Police paperwork

In my letter to newspapers across London this week I talk about how tech can help free up police officers from the burden of “police paperwork” and allow them to get on with the job they want to do, that of fighting crime.


Police paperwork – reducing the burden with tech

Dear Editor,

More than 3,000 officers in Surrey and Sussex are now using specialist
mobile technology to improve frontline policing and reporting. They
are replacing time-consuming paper-based work with an e-notebook.

It’s a far cry from the traditional officer’s notebook – but in
today’s world, where communication, speed and information sharing are
critical when it comes to solving crime, this revolution in how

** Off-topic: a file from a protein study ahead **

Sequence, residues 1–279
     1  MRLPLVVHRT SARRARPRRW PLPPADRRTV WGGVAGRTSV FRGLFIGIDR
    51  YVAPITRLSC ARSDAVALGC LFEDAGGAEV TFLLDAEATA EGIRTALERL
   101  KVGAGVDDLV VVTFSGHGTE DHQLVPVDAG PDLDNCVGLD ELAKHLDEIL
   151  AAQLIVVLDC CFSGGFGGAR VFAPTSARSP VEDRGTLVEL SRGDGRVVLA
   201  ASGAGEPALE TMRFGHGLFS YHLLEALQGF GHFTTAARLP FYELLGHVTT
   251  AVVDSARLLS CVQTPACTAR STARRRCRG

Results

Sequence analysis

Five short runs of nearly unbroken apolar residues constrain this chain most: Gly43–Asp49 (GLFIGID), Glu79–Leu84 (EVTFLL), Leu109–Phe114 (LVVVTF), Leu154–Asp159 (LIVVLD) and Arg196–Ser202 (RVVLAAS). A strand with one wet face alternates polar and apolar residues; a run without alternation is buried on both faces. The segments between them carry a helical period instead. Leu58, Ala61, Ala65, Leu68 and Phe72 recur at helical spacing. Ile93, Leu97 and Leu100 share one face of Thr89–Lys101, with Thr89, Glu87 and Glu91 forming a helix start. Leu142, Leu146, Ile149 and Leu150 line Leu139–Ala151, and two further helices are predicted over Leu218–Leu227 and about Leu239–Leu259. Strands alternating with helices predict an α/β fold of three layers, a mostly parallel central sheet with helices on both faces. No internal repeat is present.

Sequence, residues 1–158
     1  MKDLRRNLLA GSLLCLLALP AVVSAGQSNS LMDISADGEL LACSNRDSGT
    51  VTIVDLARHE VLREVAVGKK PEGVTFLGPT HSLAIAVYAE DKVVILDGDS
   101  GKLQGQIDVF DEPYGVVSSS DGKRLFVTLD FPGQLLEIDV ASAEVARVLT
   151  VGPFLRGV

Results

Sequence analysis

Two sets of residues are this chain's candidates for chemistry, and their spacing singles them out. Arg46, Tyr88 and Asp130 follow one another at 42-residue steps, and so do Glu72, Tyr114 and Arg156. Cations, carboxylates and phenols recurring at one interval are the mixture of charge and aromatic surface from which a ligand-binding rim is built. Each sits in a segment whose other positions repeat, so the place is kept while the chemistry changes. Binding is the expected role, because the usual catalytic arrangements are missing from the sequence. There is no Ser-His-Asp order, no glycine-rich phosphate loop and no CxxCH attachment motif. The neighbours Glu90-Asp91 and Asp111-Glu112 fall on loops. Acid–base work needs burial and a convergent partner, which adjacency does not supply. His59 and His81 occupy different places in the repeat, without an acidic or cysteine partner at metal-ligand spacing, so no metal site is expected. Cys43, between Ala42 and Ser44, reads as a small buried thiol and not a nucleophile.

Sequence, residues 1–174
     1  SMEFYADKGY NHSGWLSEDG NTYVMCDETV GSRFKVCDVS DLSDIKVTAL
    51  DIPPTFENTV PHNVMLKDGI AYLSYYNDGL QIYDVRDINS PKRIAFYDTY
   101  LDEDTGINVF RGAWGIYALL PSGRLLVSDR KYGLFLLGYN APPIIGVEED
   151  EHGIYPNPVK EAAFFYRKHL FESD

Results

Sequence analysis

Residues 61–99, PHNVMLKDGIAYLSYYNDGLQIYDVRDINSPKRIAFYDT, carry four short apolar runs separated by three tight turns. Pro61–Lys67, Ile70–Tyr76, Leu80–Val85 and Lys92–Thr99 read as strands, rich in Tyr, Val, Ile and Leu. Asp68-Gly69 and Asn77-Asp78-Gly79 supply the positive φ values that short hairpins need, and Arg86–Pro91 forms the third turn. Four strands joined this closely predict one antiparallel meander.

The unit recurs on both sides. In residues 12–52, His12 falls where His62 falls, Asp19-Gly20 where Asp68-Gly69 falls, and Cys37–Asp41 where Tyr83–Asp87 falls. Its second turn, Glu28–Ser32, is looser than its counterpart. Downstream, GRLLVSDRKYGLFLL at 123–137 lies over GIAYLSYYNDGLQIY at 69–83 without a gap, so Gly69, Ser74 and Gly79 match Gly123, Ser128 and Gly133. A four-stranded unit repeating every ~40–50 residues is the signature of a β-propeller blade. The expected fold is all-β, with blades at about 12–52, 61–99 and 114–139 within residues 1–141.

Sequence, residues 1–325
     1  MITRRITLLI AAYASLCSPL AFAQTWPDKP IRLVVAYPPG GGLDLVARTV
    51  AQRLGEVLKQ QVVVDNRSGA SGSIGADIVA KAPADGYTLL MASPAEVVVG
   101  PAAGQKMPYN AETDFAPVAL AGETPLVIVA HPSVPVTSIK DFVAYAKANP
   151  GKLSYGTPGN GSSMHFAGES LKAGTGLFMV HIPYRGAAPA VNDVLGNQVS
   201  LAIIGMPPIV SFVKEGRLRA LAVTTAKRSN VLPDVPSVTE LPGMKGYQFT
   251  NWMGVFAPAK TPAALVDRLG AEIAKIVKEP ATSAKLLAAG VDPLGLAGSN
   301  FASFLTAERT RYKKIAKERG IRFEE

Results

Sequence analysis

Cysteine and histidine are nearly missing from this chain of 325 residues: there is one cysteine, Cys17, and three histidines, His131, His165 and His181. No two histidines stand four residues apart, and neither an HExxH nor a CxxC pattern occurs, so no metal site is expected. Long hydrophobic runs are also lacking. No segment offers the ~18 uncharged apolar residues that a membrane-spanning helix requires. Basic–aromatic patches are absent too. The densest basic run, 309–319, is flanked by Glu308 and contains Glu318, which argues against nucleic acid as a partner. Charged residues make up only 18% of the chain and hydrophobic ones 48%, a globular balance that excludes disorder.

officers operate is a welcome one.

The e-notebook provides remote, mobile access to all key policing
systems, ensuring officers can capture, reuse and validate information
on the front line while reducing back office bureaucracy and

Surrey police chiefs say the system has shown significant cost and
time-saving benefits and has become a vital tool for front line
officers. It’s also suggested officers have been saved up to two hours
per shift as a result of the system, while it’s suggested the
modernisation of processes has saved Surrey Police £7 million.

So far, the deployment in Surrey brings the total number of forces
using the system to 16, which represents 33 per cent of all forces in
the UK.

While there will have to be a proper system of backing up data and in
case the system is hacked or goes down, surely it can’t before long
before all forces have adopted this ‘paperless policing’ vision;
cutting cost, time-wasting bureaucracy and, above all, helping our
police officers to do their challenging jobs more efficiently.

Yours etc

Syed Kamall

MEP for London

Leader of the European Conservatives and Reformists (ECR) Group


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